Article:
On April 11, 2019, London-based transcription startup Trint successfully raised USD 4.5m in Series A funding in a round led by Horizon Ventures’ seed fund Horizons Lab, with TechNexus and The Associated Press participating. Founded in December 2014 by veteran journalist Jeff Kofman, Trint has raised a total of USD 7.8m to date, according to Crunchbase.
This funding round will go toward enhancing the core AI transcription function of Trint, according to TechCrunch.
In July 2018, Trint received a small amount from Google’s EUR 150m Digital News Innovation (DNI) Fund. The company received EUR 300,000 (USD 339,000) in funding for the Trint Translation Project (TTP), which adds neural machine translation (NMT) capabilities to the company’s transcription platform.
Trint is one of a few emerging AI-based transcription platforms that offer automated transcription services with the capability to post-edit. Tel Aviv-based Verbit, which managed to secure USD 23m in Series A funding in 2018, is another contender.
“Trint uses artificial intelligence to power its web-based automated transcription platform,” Trint Marketing Manager Michael Wolter told Slator in an August 2018 email message. The company’s platform uses automated speech recognition and a frontend that is a cross between text editor and media player.
The platform also supports exporting verified transcripts to various formats and an iPhone app that lets users record, upload, and view transcripts, with future plans to let mobile app users edit transcripts as well.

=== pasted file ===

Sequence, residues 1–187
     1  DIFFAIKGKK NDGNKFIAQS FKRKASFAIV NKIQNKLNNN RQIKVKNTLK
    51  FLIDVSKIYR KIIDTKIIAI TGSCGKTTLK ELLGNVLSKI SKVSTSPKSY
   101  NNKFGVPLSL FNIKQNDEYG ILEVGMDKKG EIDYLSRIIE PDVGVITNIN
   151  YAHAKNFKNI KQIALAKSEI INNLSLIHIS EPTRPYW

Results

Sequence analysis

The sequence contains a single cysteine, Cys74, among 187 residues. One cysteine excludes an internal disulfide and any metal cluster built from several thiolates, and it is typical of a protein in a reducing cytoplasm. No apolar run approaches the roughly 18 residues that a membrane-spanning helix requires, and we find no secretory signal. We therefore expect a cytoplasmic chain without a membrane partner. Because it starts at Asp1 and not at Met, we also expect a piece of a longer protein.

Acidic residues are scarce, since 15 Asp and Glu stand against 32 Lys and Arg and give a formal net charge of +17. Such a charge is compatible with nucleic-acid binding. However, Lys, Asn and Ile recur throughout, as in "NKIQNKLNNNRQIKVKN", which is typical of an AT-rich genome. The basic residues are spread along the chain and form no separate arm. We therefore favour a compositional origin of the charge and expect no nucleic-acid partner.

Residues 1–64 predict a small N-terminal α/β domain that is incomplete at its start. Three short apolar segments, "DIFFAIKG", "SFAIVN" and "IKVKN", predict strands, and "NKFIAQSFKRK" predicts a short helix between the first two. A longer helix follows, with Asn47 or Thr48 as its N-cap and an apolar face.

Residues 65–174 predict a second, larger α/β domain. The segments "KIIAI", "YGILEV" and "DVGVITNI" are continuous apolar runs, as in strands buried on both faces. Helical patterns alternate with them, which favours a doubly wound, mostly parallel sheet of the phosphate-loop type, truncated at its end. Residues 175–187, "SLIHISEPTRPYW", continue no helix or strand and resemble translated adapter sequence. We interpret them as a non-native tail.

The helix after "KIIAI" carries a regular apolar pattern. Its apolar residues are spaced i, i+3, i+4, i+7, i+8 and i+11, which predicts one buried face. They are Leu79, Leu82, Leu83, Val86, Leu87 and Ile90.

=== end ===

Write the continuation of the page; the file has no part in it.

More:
“Transcription on Trint is currently available in multiple English accents and 12 European languages,” Wolter said. Asked about market demand in the US and abroad, he said it is still very high in the US, especially among large organizations. He added, “We have a strong presence in many European countries and will continue our expansion into these markets as the demand there grows.”
Trint’s clients include media outlets such as BBC, Der Spiegel, The Associated Press, The New York Times, and The Washington Post. TechCrunch noted how Trint has grown from 4 to 45 employees since being established four years ago.
Trint Translation Project
While transcription may be an adjacent market (certainly, AI-based transcription is an adjacent technology), what interests Slator more than the actual platform are plans to make it multilingual.
Wolter confirmed that the TTP will use NMT to let users translate and globally distribute content into over 100 languages. “TTP will rely on neural machine translation to power its multilingual translation. We have no official language partners on board at this time,” he said.
He explained that, for both transcription and translation, Trint gives users a first draft, and the platform’s workflow allows users to “search, verify, edit, share and collaborate with the machine-generated content” — all in keeping with the mandate of their funding source for TTP, the Google DNI Fund, that “helps news organizations adapt to the challenges of journalism in the 21st century with innovative digital technology,” Wolter said.
“Beta versions of TTP will follow the same journey as Trint’s automated transcription tool: if we can create a product that’s useful to newsrooms and journalists, it will be useful for other markets as well,” he said, citing media, government, education, and law as among these markets.